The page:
When people think about the Russian Avengers, they’re likely thinking about Black Widow and that's it. While there’s nothing wrong with exploring the career of Natasha Romanoff, North American audiences might be surprised to learn of a Russian superhero movie known as The Guardians¸ or Zashchitniki, as its known in its actual language. Known to those who saw its semi-hyped trailer as “that Russian movie with a man-bear,” Guardians arrived with as much internet hype as a Russian blockbuster could get, but it managed to under-deliver in a suitably over-the-top fashion. The Guardians was a copycat of The Avengers in many ways, but unfortunately not in the profit department.
Despite the less-than-successful attempt at giving Russia its own iconic superhero team, the story of The Guardians and its production still makes for an entertaining read. The adventures of Landman, Wildman, Windman, and Waterwoman against the evil Professor Kuratov is a tale worth knowing, if only to be amazed at the sheer bizarreness of this attempted knockoff.
The Production Involved Some Questionable Budgeting
Guardians is clearly an effects-driven film, like all superhero blockbusters before it. Despite featuring a team that includes a shapeshifter and his three teammates with elemental superpowers, the movie was only budgeted for about 320 million rubles, or the equivalent of $5.4 million American dollars. That’s a big budget for a Russian film, but it isn’t the sort of budget that can compete with Marvel Studios, and it definitely shows in the finished product. The costuming is adequate at best, the sets are lazily designed, and the CGI wouldn’t look out of place on the average Playstation 3 game.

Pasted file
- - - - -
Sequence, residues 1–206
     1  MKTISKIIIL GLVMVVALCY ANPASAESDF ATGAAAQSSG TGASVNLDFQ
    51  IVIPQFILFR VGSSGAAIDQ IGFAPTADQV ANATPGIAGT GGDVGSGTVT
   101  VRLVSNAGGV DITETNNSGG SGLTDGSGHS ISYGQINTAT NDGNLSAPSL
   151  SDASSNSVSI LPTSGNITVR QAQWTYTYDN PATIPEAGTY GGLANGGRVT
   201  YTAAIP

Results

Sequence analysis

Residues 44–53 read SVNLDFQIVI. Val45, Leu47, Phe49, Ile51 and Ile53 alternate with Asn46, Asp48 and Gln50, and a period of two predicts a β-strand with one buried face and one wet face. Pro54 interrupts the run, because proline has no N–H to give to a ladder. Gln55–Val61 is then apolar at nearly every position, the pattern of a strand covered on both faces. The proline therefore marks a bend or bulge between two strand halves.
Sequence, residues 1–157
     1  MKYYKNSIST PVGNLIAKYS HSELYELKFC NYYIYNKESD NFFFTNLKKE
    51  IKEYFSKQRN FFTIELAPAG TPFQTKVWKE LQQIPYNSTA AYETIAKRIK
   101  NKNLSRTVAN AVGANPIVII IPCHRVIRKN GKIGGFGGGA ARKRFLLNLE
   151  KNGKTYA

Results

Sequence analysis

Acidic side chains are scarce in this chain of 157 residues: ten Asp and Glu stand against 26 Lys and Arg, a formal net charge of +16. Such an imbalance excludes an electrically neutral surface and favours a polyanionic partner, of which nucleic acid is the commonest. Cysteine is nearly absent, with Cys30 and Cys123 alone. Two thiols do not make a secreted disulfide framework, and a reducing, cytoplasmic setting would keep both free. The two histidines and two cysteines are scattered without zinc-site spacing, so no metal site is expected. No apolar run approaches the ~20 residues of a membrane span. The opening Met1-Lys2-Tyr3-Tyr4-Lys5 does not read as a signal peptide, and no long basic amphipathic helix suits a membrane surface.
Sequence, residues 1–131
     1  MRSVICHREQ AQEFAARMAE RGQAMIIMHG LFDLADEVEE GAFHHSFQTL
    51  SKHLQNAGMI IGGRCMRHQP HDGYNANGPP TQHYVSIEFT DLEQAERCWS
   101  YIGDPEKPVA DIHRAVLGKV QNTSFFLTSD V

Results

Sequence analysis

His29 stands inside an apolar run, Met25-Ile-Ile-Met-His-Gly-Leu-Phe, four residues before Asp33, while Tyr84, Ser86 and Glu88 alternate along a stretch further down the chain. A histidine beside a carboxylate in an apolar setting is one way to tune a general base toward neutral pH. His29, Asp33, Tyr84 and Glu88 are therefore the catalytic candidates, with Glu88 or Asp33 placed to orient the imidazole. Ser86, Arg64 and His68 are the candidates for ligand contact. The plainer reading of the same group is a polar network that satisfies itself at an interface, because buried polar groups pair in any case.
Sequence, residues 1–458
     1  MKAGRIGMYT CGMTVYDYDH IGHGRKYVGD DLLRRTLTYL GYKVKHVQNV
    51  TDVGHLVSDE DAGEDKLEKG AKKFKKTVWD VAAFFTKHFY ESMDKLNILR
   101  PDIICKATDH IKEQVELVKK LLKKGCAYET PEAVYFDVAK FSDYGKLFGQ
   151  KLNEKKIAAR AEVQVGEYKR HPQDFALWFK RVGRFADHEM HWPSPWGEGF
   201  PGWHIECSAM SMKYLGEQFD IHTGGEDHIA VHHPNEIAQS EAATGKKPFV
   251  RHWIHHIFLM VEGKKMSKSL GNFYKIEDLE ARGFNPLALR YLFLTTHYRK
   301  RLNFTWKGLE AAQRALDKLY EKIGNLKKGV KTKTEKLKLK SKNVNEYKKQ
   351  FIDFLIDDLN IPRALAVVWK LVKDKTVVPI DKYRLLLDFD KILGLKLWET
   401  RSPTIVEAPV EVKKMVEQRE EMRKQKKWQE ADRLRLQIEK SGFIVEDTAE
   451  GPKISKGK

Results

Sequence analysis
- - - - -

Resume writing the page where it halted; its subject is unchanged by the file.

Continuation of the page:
The Guardians Did A Better Job Of Expressing Diversity Than The Real Avengers
The Guardians are meant to represent the ethnic diversity of Russia, with four distinct nationalities present on the four person team. Landman is an Armenian, Wildman is Siberian, Windman is a Kazakh, and Waterwoman is ethnic Russian. This is a lot more than can be said about the all-white Avengers, and Guardians also places a woman in charge via Major Elena Larina. Who could have expected a Russian blockbuster to have a more progressive roster than a film directed by Joss Whedon?
The Trailer Made It Look Fantastic
Internet hype for The Guardians began building when trailers for it began dropping in 2016. The first versions that appeared were in Russian, but North American fans didn’t need to understand what was going on to know that what they were witnessing was awesome. A man-bear with a machine gun sort of speaks for itself. As far as people could see in the trailer, the production value wasn’t going to be all that bad. Unfortunately, that didn’t end up being true. The early promise of being “Russia’s answer to The Avengers” proved to be woefully off the mark.
It Was Directed By A Guy Known For Low-Budget Comedies And Box Office Flops
While The Avengers received legendary writer/director Joss Whedon, their Russian counterparts got Sarik Andreasyan, a director with a questionable background for such an ambitious project. Andreasyan was mostly known for his low-budget comedies, a sort of Russian Judd Apatow. While Marvel Studios has had success with formerly comedic creators, like the Russo brothers, Andreasyan also had a history of taking on big budget productions and having them bomb miserably. What could go wrong?